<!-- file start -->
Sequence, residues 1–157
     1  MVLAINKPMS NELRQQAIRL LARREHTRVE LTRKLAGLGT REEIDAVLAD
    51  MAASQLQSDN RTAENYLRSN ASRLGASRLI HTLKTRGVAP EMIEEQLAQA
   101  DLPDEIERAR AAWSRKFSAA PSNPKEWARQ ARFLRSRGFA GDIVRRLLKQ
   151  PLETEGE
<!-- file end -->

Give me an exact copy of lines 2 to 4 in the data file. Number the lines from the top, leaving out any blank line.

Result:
     1  MVLAINKPMS NELRQQAIRL LARREHTRVE LTRKLAGLGT REEIDAVLAD
    51  MAASQLQSDN RTAENYLRSN ASRLGASRLI HTLKTRGVAP EMIEEQLAQA
   101  DLPDEIERAR AAWSRKFSAA PSNPKEWARQ ARFLRSRGFA GDIVRRLLKQ